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NASA’s Lunar Reconnaissance Orbiter (LRO) spacecraft on September 17 snapped a series of images of Vikram’s attempted landing site near the Moon’s uncharted South Pole during its flyby, according to a media report that quoted a project scientist of the US space agency.

It was near lunar dusk when the orbiter passed over, meaning large parts of the area were in shadow, the report said.

The LRO’s deputy project scientist, John Keller shared a NASA statement confirming that the orbiter’s camera captured the images.

“The LROC team will analyse these new images and compare them to previous images to see if the lander is visible (it may be in shadow or outside the imaged area),” Mr Keller was quoted as saying in the statement by cnet.com.

NASA is analyzing, validating and reviewing the images clicked by its lunar orbiter of the area on the Moon where India’s Chandrayaan-2 mission made an unsuccessful attempt to soft land its Vikram module. In the early hours of September 7, Indian Space Research Organization’s (ISRO) plan to soft land Chandrayaan-2 Vikram module on the lunar surface did not go as planned.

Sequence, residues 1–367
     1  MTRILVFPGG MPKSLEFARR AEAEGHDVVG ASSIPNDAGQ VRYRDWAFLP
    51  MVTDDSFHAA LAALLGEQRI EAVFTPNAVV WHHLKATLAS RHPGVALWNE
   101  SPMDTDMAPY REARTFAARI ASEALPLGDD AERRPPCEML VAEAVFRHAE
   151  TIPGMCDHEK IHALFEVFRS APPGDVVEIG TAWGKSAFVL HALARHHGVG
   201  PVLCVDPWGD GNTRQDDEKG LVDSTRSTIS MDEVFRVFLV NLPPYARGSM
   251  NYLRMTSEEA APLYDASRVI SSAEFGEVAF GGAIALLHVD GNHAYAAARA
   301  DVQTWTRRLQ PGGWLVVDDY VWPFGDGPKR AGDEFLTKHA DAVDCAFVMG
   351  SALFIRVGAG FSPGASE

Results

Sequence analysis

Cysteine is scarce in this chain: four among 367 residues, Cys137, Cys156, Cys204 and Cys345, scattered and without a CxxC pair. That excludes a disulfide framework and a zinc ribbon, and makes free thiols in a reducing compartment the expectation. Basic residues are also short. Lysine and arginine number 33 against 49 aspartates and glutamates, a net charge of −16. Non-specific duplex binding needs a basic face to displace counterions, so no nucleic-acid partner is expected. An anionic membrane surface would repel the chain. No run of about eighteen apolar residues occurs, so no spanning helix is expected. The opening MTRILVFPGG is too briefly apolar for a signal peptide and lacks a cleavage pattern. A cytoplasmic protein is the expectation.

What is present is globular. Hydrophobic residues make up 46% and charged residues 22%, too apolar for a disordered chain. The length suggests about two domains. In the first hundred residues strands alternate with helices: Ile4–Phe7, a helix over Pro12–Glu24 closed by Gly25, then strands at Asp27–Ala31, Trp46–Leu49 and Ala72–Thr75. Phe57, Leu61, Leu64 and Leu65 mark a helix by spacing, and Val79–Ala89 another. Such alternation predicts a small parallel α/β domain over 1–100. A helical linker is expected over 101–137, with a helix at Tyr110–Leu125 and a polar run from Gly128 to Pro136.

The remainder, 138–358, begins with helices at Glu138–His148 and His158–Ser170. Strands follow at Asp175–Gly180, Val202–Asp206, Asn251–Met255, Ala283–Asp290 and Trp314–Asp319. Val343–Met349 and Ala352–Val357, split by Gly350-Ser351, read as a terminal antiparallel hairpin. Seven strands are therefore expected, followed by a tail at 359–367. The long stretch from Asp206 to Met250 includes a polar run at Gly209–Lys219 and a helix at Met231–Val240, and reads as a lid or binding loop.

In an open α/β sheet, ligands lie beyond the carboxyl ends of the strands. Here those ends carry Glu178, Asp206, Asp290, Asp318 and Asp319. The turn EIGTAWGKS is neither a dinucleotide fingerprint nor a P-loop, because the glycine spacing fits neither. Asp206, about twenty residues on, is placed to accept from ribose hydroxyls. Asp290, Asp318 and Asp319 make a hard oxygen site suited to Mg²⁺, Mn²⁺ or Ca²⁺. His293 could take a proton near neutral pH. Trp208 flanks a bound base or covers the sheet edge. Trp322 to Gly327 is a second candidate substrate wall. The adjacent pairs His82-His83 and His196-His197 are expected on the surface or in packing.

The lander lost communication with ground stations during its final descent. ISRO officials said the orbiter of Chandrayaan-2 — second lunar mission — remains healthy and safe.

According to ISRO, the lander Vikram and Rover Pragyan were supposed to be functional only for 14 dyas of their touchdown. Therefore, if connection is not established in the next two days, ISRO may have to give up the hope to establish a connection with the lander. 

A NASA spokesperson had earlier said that the space agency will share any before and after flyover imagery of the area around the targeted Chandrayaan-2 Vikram Lander landing site to support analysis by ISRO.

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